“When I walked into the office,” wrote Jeremy. “I was hit with the smell of new carpet and construction. ‘No big deal,’ I said to myself. But, as I went in further, I was shocked. A bay of computers sat on folding tables, white boards with tons of frantic scribbles (were) leaning against the wall, and the guy who was to train us for the event [seemed like] someone who could barely get your order right at McD’s.”
A startup cutting corners and pushing up against construction deadlines while bringing on people who are barely qualified as stopgaps isn’t news, but Jeremy insisted that there was more to it.
“It wasn’t long before I was asking tough questions that they ‘couldn’t answer’,” he explains. Adding that it was important that he “not be afraid to tell the customer ‘I don’t know’, and direct them to the website. Remember, they don’t even have an app yet.”
Those “tough” questions included basic, logistical hurdles that formed the core of Blue Indy’s business process. Questions like, “If no cars are being used other than yours where do you park when you’re done?” (all of the spaces are used 100% of the time, unless a car is in transit) “How do you keep the cars clean?” and “What happens [if a customer’s] battery goes dead?”
Hall said his excitement further began to evaporate when his trainer told him to expect people to yell at you on the phone, the importance of keeping your anger in check and to avoid interacting with members of the public who don't support Blue Indy. Things turned worse when Hall got to test drive one of the cars. “Initially, I was stoked,” he says. “But I was severely disappointed. The seats were super soft but uncomfortable," Hall continued. "The seating position itself was very flat, like a sports car, but the A pillar made it very hard to see and the rearview mirror was worthless. Add in the that a safety feature (a sound warning device) was inoperable … and it took a good bit of work to get the navigation system and other important items such as the AC to fire up."
As it turned out, Hall's full-time job offer never materialized. He got a phone call later that night after his training telling him Blue Indy got an offer from a nonprofit organization to provide "volunteer" staff to the fledgling company. Gee, I wonder which of the nonprofit companies sharing office spaces with for-profit companies like Blue Indy and Vision Fleet in the Chase Tower is providing "volunteer" workers for the company? Hall also has a warning about the insurance coverage you receive when driving the cars. Blue Indy only carries minimal personal liability property damage coverage to protect against the claims of others in which you are involved in an accident while driving one of their cars. Without your own separate auto insurance policy, you're likely to be disappointed when you find out what's not covered in the event of an accident.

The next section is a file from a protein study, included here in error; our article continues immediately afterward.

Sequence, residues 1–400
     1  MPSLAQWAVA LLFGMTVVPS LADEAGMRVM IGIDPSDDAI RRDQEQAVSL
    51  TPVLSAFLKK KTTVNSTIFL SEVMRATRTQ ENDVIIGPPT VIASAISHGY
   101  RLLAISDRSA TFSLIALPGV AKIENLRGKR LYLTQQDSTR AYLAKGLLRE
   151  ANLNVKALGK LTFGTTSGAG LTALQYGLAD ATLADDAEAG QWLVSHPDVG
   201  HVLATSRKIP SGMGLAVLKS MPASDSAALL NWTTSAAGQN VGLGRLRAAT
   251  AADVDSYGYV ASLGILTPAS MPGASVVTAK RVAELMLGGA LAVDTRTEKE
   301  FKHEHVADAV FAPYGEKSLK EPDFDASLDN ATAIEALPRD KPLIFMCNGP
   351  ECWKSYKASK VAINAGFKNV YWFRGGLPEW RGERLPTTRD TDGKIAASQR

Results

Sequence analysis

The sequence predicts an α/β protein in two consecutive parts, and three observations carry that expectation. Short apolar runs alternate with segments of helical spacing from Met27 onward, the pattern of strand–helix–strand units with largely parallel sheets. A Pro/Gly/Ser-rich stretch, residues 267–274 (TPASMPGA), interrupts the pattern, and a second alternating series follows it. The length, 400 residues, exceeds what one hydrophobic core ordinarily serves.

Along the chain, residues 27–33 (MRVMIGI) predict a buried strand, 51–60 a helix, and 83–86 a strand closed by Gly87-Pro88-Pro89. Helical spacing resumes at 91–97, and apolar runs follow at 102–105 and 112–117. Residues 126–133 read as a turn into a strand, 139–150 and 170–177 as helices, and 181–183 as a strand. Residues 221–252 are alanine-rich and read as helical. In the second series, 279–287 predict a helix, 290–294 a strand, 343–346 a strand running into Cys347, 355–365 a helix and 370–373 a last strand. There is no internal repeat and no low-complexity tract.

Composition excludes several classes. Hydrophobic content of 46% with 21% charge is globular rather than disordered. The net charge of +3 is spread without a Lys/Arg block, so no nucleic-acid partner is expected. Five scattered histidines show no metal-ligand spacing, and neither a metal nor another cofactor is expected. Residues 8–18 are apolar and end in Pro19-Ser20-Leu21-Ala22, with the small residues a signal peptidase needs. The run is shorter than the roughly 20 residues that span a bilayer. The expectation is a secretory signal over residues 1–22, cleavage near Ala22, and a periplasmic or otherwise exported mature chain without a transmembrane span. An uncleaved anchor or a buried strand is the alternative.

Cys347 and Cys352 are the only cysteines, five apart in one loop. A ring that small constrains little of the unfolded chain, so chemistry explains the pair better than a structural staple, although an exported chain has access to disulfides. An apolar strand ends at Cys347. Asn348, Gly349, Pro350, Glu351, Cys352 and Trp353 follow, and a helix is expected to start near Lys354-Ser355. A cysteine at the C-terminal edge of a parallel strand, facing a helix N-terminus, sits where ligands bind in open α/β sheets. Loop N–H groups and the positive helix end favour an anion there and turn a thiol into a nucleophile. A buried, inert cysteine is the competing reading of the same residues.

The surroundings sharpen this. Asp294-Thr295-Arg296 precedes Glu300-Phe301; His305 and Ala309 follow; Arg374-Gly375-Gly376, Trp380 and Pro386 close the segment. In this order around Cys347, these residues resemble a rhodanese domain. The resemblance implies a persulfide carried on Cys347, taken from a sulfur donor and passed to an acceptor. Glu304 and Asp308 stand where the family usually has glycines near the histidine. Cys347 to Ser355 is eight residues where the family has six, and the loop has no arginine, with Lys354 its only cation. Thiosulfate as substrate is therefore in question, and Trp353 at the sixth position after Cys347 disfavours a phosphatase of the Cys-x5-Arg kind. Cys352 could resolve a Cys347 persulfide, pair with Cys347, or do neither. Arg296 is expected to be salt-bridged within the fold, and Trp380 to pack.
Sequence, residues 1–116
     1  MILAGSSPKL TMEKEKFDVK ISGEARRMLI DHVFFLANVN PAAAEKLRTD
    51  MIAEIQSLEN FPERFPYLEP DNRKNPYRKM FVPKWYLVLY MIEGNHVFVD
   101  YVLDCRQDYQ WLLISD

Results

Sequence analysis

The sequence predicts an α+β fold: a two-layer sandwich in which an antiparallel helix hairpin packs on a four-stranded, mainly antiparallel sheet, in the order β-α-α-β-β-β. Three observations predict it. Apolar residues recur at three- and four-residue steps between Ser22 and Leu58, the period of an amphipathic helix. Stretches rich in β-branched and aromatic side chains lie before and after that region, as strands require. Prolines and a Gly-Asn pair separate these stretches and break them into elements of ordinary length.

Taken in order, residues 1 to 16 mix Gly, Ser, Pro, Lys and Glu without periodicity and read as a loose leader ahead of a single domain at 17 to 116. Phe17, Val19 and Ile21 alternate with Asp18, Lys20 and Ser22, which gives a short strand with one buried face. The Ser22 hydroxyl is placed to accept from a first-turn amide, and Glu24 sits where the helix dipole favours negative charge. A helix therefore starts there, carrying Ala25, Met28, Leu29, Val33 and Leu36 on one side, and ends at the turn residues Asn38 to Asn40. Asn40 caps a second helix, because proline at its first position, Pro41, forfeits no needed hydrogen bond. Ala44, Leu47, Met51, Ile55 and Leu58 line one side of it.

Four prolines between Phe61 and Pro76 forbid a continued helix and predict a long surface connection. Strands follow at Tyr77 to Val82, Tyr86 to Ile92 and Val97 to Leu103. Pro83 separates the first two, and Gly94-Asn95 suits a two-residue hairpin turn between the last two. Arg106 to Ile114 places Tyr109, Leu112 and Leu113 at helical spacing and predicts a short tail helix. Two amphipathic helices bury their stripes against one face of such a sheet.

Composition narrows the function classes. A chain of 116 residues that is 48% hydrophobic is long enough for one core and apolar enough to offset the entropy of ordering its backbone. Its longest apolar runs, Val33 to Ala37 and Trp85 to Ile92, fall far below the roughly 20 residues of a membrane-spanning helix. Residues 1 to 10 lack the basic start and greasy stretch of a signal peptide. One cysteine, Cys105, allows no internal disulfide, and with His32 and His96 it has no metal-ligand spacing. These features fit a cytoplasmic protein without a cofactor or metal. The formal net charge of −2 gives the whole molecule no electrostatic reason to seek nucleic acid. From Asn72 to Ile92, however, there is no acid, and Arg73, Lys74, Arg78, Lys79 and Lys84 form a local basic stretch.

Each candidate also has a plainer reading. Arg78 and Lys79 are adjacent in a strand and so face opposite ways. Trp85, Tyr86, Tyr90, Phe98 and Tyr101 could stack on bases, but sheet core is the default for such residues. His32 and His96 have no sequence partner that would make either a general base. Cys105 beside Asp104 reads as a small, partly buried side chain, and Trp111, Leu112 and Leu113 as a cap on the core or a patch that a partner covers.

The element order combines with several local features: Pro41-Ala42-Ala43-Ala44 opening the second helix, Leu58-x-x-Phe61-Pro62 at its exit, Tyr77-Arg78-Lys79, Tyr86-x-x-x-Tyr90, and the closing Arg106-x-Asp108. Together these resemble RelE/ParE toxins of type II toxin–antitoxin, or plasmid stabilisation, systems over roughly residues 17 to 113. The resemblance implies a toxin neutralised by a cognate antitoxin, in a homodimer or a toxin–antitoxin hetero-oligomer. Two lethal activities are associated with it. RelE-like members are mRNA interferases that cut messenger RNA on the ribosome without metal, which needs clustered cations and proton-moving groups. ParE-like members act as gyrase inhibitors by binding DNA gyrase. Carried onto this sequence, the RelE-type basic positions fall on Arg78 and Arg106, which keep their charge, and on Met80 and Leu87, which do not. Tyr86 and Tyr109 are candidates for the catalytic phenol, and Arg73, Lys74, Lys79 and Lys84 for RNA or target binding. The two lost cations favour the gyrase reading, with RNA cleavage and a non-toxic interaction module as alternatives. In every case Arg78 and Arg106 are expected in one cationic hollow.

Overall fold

You should check out the 36-page membership contract before using the service, which provides all sorts of reasons why you could be subject to additional charges or a loss of the service. It limits coverage to $50,000 per accident for bodily injury ($25,000 per person) and $10,000 for property damage and similar coverage for accidents involving uninsured/underinsured motorists. The membership terms make the member responsible for any damage to or theft of the car while in your control. The member is responsible for the payment of deductibles not covered by insurance. Failure to pay the deductibles results in the revocation of your membership. There's also an arbitration clause covering claims unless you opt out within 30 days or unless your claim can be adjudicated in a small claims court.
Interestingly, the membership contract says the service is subject to the 17% auto rental excise tax, although it expressly states it believes the car sharing service is different from other rental vehicle businesses and "even though We believe they should not apply to car sharing operations." Membership fees are subject to the state's 7% sales tax. Watch for attempts to be made during next year's legislation session to exempt electric car sharing services from the auto rental excise tax. Blue Indy's contract with the City states it is not subject to taxes and fees otherwise imposed on businesses of its sort, and that the City is required to reimburse the company to the extent it is required to pay those taxes or fees.